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The Shape of Your Heart Matters
Curious to know if you’re at risk for two common heart conditions? Your doctor may want to check the shape of your heart.
Investigators from the Smidt Heart Institute at Cedars-Sinai have discovered that patients who have round hearts shaped like baseballs are more likely to develop future heart failure and atrial fibrillation than patients who have longer hearts shaped like the traditional Valentine heart.
Their findings, published in Med-Cell Press’ new peer-reviewed medical journal-used deep learning and advanced imaging analysis to study the genetics of heart structure. Their results were telling.
"We found that individuals with spherical hearts were 31% more likely to develop atrial fibrillation and 24% more likely to develop cardiomyopathy, a type of heart muscle disease," said David Ouyang, MD, a cardiologist in the Smidt Heart Institute and a researcher in the Division of
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NIH Study Identifies Features Of Long COVID Neurological Symptoms
Twelve people with persistent neurological symptoms after SARS-CoV-2 infection were intensely studied at the National Institutes of Health (NIH) and were found to have differences in their immune cell profiles and autonomic dysfunction. These data inform future studies to help explain persistent neurological symptoms in Long COVID. The findings, published in Neurology: Neuroimmunology & Neuroinflammation(link is external), may lead to better diagnoses and new treatments.
People with post-acute sequelae of COVID-19 (PASC), which includes Long COVID, have a wide range of symptoms, including fatigue, shortness of breath, fever, headaches, sleep disturbances, and “brain fog,” or cognitive impairment. Such symptoms can last for months or longer after an initial SARS-CoV-2 infection. Fatigue and “brain fog” are among the most common and debilitating symptoms, and likely stem from nervous syst
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NIH-Funded Study Explains Link To Increased Cardiovascular Risks For People With Obstructive Sleep Apnea
Researchers have found that people with obstructive sleep apnea have an increased cardiovascular risk due to reduced blood oxygen levels, largely explained by interrupted breathing. Obstructive sleep apnea has long been associated with increased risk of cardiovascular issues, including heart attack, stroke, and death, but the findings from this study, partially supported by the National Institutes of Health and published in the American Journal of Respiratory and Critical Care Medicine, show the mechanism mostly responsible for the link.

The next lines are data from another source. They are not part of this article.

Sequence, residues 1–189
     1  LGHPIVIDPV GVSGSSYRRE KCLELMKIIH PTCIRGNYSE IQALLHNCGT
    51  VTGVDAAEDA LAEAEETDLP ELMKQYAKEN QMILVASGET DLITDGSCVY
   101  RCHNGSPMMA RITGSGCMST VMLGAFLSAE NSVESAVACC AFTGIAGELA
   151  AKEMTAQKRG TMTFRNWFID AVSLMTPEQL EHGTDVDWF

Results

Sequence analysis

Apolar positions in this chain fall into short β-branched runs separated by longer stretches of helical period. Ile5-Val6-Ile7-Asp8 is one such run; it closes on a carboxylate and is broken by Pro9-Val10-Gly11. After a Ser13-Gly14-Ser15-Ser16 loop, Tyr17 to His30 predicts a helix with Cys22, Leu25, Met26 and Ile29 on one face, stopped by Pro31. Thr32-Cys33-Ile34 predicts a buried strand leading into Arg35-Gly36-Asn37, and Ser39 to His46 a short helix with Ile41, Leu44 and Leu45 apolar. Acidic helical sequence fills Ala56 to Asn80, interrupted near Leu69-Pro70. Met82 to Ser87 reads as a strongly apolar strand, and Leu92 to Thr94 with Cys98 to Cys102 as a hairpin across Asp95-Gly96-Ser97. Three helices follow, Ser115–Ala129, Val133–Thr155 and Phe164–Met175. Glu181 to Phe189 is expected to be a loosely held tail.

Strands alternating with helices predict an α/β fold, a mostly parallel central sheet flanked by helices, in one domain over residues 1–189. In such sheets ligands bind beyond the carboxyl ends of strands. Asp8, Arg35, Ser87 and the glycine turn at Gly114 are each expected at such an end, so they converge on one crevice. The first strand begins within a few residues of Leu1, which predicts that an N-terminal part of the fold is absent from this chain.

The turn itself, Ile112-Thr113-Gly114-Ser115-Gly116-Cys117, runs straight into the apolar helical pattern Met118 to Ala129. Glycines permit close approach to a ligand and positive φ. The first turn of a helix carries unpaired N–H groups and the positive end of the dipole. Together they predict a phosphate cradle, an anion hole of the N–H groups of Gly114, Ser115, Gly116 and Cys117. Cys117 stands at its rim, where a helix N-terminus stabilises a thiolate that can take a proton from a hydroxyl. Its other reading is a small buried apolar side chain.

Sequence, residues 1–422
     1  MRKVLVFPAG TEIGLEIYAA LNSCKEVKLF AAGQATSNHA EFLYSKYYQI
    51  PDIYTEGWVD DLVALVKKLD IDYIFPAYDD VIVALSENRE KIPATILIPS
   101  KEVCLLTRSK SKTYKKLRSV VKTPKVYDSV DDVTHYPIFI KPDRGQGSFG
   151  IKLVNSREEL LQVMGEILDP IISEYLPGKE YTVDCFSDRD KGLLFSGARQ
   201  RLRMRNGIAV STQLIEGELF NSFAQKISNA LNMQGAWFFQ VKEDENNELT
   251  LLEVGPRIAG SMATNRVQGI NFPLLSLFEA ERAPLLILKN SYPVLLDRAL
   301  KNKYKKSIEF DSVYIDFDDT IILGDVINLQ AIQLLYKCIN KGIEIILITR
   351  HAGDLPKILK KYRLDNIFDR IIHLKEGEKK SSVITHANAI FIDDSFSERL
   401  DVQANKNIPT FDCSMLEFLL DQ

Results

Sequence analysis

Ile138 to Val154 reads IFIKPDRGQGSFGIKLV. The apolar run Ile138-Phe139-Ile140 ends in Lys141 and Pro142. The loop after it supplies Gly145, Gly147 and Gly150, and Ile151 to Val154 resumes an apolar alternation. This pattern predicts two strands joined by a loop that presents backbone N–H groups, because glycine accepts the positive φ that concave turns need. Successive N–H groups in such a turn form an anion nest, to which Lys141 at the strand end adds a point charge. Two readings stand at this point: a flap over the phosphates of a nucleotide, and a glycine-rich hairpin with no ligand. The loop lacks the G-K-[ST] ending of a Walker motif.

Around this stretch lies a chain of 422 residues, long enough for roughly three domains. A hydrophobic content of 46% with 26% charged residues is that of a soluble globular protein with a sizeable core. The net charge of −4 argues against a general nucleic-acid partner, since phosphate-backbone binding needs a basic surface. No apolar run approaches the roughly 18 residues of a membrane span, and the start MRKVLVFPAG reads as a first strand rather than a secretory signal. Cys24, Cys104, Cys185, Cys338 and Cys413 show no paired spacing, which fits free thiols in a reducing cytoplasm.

“These findings will help better characterize high-risk versions of obstructive sleep apnea,” said Ali Azarbarzin, Ph.D., a study author and director of the Sleep Apnea Health Outcomes Research Group at Brigham and Women’s Hospital and Harvard Medical School, Boston. “We think that including a higher-risk version of obstructive sleep apnea in a randomiz
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New Study Shows Critical Importance of Hearing Care
The American Academy of Audiology endorsed the Medicare Audiology Access Improvement Act of 2023, bipartisan legislation introduced by U.S. Senators Elizabeth Warren (D-MA), Rand Paul (R-KY) and Charles Grassley (R-IA) that will provide seniors with more timely and robust access to services provided by audiologists.
The importance and timeliness of the re-introduced bill was reaffirmed this past week by an important study in the Lancet and a recent advisory from the U.S. Surgeon General (May 2023) about consequences of social isolation and loneliness. The study, Hearing intervention versus health education control to reduce cognitive decline in older adults with hearing loss in the USA (ACHIEVE): a multicentre, randomized controlled trial, showed that hearing intervention—hearing care by an audiologist along with the use of hearing aids in older adults at greater risk for dementia due t